I’ve been teaching sewing and quilting for several decades. Funny, I don’t feel any different in the inside, but the outside sure has changed!
That parallel can be easily applied to many sewing tips and techniques. The processes haven’t changed—it’s the patterns and styles that are different. Case in point: the “Lined Sleeves” and “Extended Facing” techniques. These techniques were first published in 1984 and then republished in 1988, in my book, The Busy Woman’s Sewing Book. Do any of you have a copy? Last month I found a few being sold on e-bay!
Recently, I included these inside details in a pattern that I designed for The McCall Pattern Company. McCall’s 5668 has been an extremely popular style; my guess is because of the clean lines and lack of buttonholes!
When cutting out the pattern, you’ll notice that the jacket isn’t totally lined. Yet, the facings are designed differently to give shape throughout the shoulder area. Rather than being only half the width of the shoulder seam, I like to have the facing take up the entire width of the shoulder seam and extend halfway down the armhole.
The ¾ length sleeve detail includes a vent, yet I was able to use the same “Lined Sleeve” technique from 1984 in this style. The lure of this sewing technique is that the sleeve is fully lined even if the jacket isn’t lined and it’s hemmed prior to the sleeve being sewn into the armhole. It’s fast—it’s clean.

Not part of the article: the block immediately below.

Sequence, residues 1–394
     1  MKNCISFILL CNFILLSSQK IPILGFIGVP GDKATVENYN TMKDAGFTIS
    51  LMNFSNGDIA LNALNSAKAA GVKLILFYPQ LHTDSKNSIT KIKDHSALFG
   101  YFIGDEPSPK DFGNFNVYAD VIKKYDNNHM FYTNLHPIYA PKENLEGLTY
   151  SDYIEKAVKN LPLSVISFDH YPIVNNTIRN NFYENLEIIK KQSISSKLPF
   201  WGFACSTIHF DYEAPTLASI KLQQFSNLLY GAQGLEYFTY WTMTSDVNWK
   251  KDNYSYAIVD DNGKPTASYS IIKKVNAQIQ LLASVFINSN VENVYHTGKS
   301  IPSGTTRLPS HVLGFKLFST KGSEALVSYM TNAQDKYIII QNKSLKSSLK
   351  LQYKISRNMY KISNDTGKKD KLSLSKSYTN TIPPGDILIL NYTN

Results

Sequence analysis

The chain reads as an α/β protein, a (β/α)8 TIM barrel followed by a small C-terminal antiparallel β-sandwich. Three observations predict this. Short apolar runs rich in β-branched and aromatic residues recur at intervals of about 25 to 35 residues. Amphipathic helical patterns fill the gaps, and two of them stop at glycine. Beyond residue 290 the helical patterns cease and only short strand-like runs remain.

• The sleeve lining is shorter than the outer sleeve. (Don’t worry, we figured out the correct lengths for you.) After sewing the side seams of the respective outer and lining sleeves, the hems are sewn—right sides together.
• When the sleeves are turned right side out and the armhole edges are met, the hem is completely finished—neat and clean!
Here’s the jacket we made in our sewing studio, featuring McCall’s 5668. (Yes, “we” made—sewing is a team sport in my office!) I made a few tweaks to the pattern, particularly lengthening the jacket–something that I must do on every pattern.
Soon, these two techniques, plus so many others, will again be in book form. Not a third version of The Busy Woman’s Sewing Book, rather my book titled Absolute Easiest Way to Sew.
What’s your favorite streamlined sewing technique? Please share with the readers of this blog and with me! I’ll choose a random winner next week and will send that winner a copy of McCall’s 5668.
Some sewing tips are ageless. Hmm, I wonder if these two techniques will still be used 25 years from now!
Bye for now,